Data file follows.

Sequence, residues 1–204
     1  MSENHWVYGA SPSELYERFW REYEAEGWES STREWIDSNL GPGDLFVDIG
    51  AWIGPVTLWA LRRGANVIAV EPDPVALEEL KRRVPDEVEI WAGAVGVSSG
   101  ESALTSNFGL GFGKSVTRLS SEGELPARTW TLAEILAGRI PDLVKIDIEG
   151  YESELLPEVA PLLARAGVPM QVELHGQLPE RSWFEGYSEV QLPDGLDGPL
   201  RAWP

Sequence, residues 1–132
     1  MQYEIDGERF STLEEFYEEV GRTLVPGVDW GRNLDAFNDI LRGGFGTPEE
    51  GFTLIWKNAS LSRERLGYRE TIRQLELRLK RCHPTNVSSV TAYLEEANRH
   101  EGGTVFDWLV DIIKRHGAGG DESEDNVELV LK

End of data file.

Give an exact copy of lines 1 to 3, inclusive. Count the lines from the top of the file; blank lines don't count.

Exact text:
Sequence, residues 1–204
     1  MSENHWVYGA SPSELYERFW REYEAEGWES STREWIDSNL GPGDLFVDIG
    51  AWIGPVTLWA LRRGANVIAV EPDPVALEEL KRRVPDEVEI WAGAVGVSSG